En EspaÑol

Q. Who is Mr. Smarty Plants?

A: There are those who suspect Wildflower Center volunteers are the culpable and capable culprits. Yet, others think staff members play some, albeit small, role. You can torture us with your plant questions, but we will never reveal the Green Guru's secret identity.

Help us grow by giving to the Plant Database Fund or by becoming a member

Did you know you can access the Native Plant Information Network with your web-enabled smartphone?


Ask Mr. Smarty Plants

Ask Mr. Smarty Plants is a free service provided by the staff and volunteers at the Lady Bird Johnson Wildflower Center.

Search Smarty Plants
See a list of all Smarty Plants questions
Can't find the answer in our existing FAQs, submit a question to Mr. Smarty Plants.
Need help with plant identification, visit the plant identification page.
rate this answer
Not Yet Rated

Tuesday - June 09, 2009

From: Austin, TX
Region: Southwest
Topic: Invasive Plants
Title: How do I get rid of Smilax bona-nox?
Answered by: Jimmy Mills


Hi, we live in Circle C and our home backs to an easment area which has become overrun with what some are calling wild grapevine. Recently we noticed a different vine coming up in our backyard through our grass. It is different than the stuff growing in the easement because it has thorns (nasty ones even on the leaves). I think it is Smilax Bona-nox and would like to know the most effective way of getting rid of it. I have read that it has a rhizome system similar to that of bamboo and if you continuously cut it back it may deplete the system (we battled bamboo this way successfully), but have also read about using salt on it. I don't know if it is possible to dig it up since it is under our grass. Any help would be greatly appreciated.


There are several plants in the genus Smilax that are referred to as briers. In addition to Smilax bona-nox,  two other species, Smilax glauca and Smilax rotundifolia,can present similar problems. Click on each name to view images to confirm your identification.

Now the easy part is over; getting rid of the pest can be a lot of work. However, since you conquered bamboo, you are up to the task because the approach is similar. I'm referring you to a couple of previous questions that deal with eradication of Smilax.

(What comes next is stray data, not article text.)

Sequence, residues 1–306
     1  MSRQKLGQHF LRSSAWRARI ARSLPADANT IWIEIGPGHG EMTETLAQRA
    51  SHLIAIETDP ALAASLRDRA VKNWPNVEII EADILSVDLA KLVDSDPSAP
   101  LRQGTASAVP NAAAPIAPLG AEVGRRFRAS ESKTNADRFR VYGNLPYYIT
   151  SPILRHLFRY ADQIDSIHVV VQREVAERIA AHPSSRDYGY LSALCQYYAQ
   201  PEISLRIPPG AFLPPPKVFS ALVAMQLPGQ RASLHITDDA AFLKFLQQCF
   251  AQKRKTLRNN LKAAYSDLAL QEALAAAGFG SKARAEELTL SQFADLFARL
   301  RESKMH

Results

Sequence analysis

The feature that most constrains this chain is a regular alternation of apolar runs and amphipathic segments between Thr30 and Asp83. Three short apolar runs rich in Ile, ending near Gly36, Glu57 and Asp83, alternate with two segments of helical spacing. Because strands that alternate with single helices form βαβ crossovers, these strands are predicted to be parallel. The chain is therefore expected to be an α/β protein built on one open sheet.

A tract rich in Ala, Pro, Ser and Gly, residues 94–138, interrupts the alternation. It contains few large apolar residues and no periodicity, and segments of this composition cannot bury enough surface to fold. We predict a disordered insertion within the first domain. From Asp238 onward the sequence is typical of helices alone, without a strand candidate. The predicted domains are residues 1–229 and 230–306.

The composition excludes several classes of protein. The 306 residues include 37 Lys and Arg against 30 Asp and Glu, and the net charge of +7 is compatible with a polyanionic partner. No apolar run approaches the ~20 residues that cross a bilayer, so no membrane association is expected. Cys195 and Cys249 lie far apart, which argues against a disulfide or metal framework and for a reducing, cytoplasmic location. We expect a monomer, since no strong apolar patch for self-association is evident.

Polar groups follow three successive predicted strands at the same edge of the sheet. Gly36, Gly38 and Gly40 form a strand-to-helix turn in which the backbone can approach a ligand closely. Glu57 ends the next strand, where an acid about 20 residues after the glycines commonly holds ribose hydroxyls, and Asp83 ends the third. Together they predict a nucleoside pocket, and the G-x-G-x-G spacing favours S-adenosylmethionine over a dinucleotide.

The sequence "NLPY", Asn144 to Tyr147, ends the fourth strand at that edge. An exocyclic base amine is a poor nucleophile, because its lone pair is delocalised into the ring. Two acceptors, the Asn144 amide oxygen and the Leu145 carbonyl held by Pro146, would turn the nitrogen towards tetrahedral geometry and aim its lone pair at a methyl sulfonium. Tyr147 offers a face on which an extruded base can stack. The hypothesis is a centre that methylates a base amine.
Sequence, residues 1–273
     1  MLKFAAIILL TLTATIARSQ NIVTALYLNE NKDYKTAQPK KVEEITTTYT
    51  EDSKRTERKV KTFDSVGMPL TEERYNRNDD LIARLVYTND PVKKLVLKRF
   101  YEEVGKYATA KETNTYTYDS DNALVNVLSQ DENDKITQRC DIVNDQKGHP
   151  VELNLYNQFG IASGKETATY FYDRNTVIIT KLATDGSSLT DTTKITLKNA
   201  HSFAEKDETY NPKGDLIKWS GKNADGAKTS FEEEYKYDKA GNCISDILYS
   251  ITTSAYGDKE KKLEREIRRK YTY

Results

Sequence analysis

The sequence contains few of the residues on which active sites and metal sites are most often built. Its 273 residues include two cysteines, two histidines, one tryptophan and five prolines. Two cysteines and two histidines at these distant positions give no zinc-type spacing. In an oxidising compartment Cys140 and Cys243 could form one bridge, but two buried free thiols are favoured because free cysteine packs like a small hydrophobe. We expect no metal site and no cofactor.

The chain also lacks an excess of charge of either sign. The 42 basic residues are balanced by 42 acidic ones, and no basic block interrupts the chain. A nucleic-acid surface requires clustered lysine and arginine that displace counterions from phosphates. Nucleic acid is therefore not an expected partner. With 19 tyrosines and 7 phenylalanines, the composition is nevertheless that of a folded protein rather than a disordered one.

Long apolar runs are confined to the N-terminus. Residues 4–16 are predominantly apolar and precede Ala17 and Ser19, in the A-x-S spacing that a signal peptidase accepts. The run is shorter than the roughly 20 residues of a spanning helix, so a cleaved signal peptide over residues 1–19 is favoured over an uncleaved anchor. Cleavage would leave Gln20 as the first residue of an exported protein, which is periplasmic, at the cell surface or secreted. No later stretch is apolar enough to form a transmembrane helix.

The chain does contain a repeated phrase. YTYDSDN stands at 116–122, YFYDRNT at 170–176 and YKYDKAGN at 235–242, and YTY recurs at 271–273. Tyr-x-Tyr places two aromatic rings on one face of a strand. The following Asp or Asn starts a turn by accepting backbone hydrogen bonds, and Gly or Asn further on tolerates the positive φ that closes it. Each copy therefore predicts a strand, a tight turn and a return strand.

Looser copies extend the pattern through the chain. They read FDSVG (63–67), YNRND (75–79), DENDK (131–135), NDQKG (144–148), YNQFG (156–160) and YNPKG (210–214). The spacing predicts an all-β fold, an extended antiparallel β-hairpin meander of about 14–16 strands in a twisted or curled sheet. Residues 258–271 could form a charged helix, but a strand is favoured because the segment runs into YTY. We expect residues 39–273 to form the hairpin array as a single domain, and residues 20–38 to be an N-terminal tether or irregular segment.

Question one

Question two

I don't know what you read about salt, but salt is very non selective. I can not think of a way that the salt would affect only the catbrier and not your other plants.





More Invasive Plants Questions

Problems with recently planted trumpet vine from Worcester MA
October 20, 2012 - Dear Mr. Smarty Plants, I have a question about my recently planted Trumpet Vines. First of all, I live in Massachusetts, zone 6. The soil is perfect for the two vines, which I bought from a local nur...
view the full question and answer

Controlling switchgrass in Fredericksburg TX
June 12, 2010 - How do you kill switch grass..too much has grown on our property. Originally planted to stop erosion due to oak wilted trees lost on hill behind house, which worked,but now it is everywhere.
view the full question and answer

Identification of plant resembling garlic mustard, but with purple flowers
May 18, 2012 - While searching for the invasive garlic mustard I am finding a very similar looking plant (triangular, alternate, toothed leaves; four petals, same habitat of shaded roadside and interior woods) excep...
view the full question and answer

Request for native grasses from Hillsboro TX
August 04, 2012 - P.S. I forgot to mention one very important fact: my neighbor specifically asked for "native grass" recommendations. He thought he was getting a native grass recommendation.
view the full question and answer

Removal of Ashe juniper trees
April 19, 2015 - I have 15 acres with scattered huge oak and elm trees with tens of thousands of Ashe Juniper (cedar) trees 2” to 10” in diameter growing within the drip zone of the hardwoods. How do I take out the c...
view the full question and answer

Support the Wildflower Center by Donating Online or Becoming a Member today.
© 2015 Lady Bird Johnson Wildflower Center